The aircraft for today is the one that served not only as an advanced trainer jet for the Spanish Air Force but also as their light attack fighter. The name of this aircraft is CASA C-101 Aviojet which was designed by a company named CASA (Construcciones Aeronáuticas SA) back in the early 1970s.
The CASA C-101 Aviojet was designed as a response to the requirement by the Spanish Air Force for their aged fleet of Hispano Saeta. The work on the CASA C-101 Aviojet was started back in 1975 and the ultimate product was named CASA C-101 Aviojet. Tin addition to CASA’s own team of designing, technical assistance from Northrop Grumman and MBB (Messerschmitt-Bölkow-Blohm) was acquired. The first 4 prototypes of the aircraft were manufactured back in early 1977 and also took their first flight successfully.
The design of the CASA C-101 Aviojet was similar to many other jet trainers of its time such as the BAE Hawk and Alpha Jet but it was less sophisticated in its aerodynamics due to the unswept wings.
The aircraft was introduced for the operational service of the Spanish Air Force back on March 17th, 1980 and they were the principal operator of this aircraft to this day. Now in this age, the aircraft has been exported to other countries like Chile, Honduras, and Jordan as their jet trainer and the light attack fighter.
CASA C-101 Aviojet; an advanced trainer jet:-
The CASA C-101 Aviojet was primarily designed by CASA as the advanced jet trainer upon the needs of the Spanish Air Force as their fleet of Hispano Saeta was aging and could not fulfill the necessary needs. The aircraft was a success in its primary role as it provides the airmen with hands-on training capabilities that the ordinary piston-powered trainers could not give them. The aircraft coupled with its fly by wire controls and the modernized cockpit systems was able to simulate the conditions of a fully capable military-grade fighter jet.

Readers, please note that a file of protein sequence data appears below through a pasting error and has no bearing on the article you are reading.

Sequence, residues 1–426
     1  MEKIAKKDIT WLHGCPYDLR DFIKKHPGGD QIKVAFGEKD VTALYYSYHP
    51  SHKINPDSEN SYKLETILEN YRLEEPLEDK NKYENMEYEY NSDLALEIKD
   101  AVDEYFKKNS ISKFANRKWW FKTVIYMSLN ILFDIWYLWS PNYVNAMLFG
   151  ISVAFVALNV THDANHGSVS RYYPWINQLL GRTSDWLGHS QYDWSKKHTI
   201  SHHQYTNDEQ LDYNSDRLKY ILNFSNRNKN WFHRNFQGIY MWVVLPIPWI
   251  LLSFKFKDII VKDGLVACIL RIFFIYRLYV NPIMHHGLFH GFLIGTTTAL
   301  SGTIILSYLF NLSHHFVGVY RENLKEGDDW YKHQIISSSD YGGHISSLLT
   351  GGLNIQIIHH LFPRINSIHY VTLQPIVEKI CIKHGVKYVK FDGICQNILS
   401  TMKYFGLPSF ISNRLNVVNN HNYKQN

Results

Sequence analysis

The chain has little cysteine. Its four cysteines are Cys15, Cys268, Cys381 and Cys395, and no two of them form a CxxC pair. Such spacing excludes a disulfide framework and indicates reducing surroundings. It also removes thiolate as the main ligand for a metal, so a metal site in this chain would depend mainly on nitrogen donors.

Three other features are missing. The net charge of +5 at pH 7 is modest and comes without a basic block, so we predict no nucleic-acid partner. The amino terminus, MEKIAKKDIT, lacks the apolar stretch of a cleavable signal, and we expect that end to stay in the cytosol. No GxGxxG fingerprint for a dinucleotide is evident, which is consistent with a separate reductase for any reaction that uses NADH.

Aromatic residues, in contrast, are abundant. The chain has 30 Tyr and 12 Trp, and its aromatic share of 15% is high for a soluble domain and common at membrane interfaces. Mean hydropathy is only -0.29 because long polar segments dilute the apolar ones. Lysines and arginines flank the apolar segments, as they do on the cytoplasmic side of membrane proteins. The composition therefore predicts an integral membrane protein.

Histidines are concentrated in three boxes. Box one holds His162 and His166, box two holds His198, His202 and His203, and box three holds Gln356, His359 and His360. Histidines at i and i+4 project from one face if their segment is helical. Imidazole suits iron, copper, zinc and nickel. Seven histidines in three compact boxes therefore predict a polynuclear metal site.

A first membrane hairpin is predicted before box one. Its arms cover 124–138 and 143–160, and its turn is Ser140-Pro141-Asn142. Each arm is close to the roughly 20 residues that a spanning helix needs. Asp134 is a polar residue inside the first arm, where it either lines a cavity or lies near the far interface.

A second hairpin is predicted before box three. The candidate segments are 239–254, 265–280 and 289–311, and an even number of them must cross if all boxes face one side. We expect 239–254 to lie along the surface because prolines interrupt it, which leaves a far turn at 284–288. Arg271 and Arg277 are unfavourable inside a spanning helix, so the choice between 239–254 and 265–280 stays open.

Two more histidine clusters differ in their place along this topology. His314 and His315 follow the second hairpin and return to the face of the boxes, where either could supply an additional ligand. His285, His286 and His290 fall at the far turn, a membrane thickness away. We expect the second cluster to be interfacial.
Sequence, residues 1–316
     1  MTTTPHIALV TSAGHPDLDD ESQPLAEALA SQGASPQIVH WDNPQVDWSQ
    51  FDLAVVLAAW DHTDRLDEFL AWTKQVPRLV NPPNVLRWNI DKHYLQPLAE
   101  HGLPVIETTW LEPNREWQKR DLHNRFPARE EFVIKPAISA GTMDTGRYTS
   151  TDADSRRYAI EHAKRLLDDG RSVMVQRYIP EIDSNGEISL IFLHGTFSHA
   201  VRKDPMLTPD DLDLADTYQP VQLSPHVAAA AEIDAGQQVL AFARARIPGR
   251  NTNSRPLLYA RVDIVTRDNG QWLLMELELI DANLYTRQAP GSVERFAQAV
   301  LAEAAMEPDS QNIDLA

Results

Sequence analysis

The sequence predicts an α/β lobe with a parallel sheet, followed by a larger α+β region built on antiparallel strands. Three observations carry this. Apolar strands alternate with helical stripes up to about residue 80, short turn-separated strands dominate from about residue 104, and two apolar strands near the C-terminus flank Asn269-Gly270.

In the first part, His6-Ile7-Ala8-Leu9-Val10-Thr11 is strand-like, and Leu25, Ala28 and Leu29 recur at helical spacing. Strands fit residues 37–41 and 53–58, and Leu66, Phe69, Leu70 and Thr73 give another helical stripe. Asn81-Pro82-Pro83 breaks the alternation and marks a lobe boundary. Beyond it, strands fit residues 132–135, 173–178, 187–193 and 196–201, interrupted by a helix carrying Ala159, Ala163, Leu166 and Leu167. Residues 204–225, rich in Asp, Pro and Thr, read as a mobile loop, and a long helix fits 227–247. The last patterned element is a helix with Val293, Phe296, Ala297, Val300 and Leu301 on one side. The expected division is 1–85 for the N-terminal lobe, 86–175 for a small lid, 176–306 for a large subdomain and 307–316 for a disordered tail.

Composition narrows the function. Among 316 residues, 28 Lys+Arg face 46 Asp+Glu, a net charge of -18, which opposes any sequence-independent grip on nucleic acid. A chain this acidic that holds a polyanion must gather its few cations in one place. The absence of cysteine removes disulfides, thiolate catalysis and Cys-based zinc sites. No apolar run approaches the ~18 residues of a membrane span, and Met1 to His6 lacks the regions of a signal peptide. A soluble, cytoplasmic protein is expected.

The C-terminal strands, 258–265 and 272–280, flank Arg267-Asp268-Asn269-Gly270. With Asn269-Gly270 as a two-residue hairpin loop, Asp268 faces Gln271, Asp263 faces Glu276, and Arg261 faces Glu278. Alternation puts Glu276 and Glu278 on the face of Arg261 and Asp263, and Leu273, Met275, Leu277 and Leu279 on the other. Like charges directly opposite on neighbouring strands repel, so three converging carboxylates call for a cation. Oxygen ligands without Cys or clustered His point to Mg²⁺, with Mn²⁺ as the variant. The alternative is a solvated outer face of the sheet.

The value of this aircraft also increased due to its being of light strike fighting nature that could carry limited ordnance to give a fast-paced attack platform for added are the power of an air force to engage the ground enemy targets.
Development and first flight:-
It was not until the 1970s that the Spanish Air Force put down the requirement for a new and advanced trainer jet for their other turbojet-powered and straight-winged trainers at that time in service. The company to provide its expertise in that regard was CASA but they too were unable to produce such an advanced trainer jet so they enlisted the help from 2 major aircraft manufacturers of the time; Northrop Grumman and West Germany’s MBB. This partnership of assistance led to the development of the 4 prototypes of the CASA C-101 Aviojet.
These prototypes took their first successful flight back in June of 1977. The aircraft was entered formally in Spanish Air Force’s service under the designation and name E.25 Miro aka Blackbird back in March of 1980. As for CASA, they designated this final product as C-101EB.